You can get an introduction to the power and potential of PHP coding by performing this practice coding technique, which only uses the “include” php command. For this example, we’ll pretend to build a simple personal site, which assumes you want every page to be pretty much the same, except for the content.
First, you create a .php file with the basics of the code: Doctype, the <head>, the <body>, and within the body you write a header, a blank navigation bar, a paragraph about yourself and a footer. You add CSS to give it that look you want, but you decide you want to expand. This is where includes come in.
We’ll start right at the beginning with the Doctype. You know you want the same Doctype for every page, and after that there are the <HTML> and <head> tags which will appear on every page as well. Cut this out of the original document and call it something you can easily identify, like “start.html”. Where it used to be in your original PHP document, put the code <?php include(“start.html”); ?> (assuming you’re going to upload both files to the same directory).
The next section is for the meta tags, but now you have to decide what will be best to keep in a file where it will all be the same, and what will have to be changed around for every page you make. Lets say you want to make other pages for your hobbies, your pet, and your travel photos. The title will have to change every time, so keep that out. Your stylesheet, however, is something which will appear on every page (assuming you want them all to look similar) so the code calling for your .css file will go in our next file. Let’s call it “meta.html” for this example. Again, in the place of your old code, put <?php include(“meta.html”); ?>.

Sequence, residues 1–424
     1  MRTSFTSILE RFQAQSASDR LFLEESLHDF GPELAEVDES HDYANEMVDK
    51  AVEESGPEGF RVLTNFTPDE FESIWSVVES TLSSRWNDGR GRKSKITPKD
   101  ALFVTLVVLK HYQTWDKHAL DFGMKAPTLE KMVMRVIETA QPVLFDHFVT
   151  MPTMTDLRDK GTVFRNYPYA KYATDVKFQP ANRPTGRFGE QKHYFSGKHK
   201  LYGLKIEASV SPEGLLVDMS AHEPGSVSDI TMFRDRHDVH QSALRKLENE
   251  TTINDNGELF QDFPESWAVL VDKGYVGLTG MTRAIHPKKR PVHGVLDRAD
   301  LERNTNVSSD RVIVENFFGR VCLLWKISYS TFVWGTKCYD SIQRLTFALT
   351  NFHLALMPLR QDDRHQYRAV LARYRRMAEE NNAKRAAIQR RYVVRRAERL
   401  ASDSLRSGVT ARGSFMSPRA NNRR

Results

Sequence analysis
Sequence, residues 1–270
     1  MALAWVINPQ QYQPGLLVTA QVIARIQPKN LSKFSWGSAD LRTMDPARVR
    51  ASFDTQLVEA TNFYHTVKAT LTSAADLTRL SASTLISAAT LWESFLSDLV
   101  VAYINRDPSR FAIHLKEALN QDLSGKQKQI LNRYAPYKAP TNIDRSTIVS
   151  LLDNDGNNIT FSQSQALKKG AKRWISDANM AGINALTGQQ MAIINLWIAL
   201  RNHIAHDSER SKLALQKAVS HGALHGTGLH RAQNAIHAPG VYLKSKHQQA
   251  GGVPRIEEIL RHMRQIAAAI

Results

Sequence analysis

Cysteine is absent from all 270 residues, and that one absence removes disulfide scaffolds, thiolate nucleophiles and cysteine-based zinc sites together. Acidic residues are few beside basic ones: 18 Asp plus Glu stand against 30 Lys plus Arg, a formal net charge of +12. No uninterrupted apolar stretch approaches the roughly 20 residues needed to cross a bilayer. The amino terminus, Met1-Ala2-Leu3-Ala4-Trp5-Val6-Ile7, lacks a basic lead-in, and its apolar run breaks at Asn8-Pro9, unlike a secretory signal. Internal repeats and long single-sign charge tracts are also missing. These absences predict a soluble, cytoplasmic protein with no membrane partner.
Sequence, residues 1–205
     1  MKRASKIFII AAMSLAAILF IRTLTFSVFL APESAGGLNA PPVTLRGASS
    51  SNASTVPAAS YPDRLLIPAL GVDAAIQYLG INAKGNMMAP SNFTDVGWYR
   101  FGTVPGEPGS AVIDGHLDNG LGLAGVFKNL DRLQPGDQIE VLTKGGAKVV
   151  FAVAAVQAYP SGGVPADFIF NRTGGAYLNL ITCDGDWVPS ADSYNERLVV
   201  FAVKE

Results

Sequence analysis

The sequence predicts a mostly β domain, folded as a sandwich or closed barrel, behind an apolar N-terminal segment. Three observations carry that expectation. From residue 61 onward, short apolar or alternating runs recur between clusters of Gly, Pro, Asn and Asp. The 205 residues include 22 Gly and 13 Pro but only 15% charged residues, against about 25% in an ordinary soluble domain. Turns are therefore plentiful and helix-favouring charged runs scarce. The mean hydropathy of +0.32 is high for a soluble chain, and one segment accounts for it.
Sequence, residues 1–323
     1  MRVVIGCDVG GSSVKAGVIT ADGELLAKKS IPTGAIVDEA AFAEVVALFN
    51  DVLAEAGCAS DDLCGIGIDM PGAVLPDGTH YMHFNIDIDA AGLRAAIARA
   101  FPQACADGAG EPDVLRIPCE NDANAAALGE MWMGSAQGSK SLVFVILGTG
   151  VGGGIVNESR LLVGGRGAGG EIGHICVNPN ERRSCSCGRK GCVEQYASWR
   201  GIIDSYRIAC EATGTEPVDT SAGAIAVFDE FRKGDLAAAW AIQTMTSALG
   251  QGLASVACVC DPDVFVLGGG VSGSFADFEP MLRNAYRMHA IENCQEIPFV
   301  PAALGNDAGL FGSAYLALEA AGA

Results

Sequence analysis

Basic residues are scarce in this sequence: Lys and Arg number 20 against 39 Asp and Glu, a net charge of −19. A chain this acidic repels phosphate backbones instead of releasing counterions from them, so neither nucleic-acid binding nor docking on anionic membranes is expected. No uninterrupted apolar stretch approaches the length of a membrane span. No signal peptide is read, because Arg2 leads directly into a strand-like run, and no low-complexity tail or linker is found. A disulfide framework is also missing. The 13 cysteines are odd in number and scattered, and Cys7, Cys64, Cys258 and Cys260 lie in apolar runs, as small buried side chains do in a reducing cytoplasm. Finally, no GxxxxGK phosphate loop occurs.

Now we’ll move on to the content your visitors will see. You’ll need a header for every page, so you take your <H1> tag information and put it in another html file (example: “h1.html”) and move on to the next area, the navigation bar (example: “navigation.html”). Because one comes right after the other, you may call for both of them in one php command (like this: <?php include(“h1.html”); include(“navigation.html”); ?>). They aren’t in the same file because you may want to move the navigation later (for example, above the header or in the footer) or get rid of it on certain pages.
The next area will be the most unique part of the document, so it will be left as basic code. It will contain dividers, paragraphs, images, and other content that will differ from page to page. Finally, the footer (example: “foot.htm”) will be added using includes, and the last tags (<body> and <html>) will be closed.
There you go! All you have to do is build pages using those php include codes and you’ll be able to quickly make any changes you want later. Recently, having a “start.html” helped me quickly change my site to HTML5 (which required a Doctype change). If you need to add a new link in the navigation due to an additional page, you’ll only need to change one file (in this example, “navigation.html”) instead of editing every page on your site.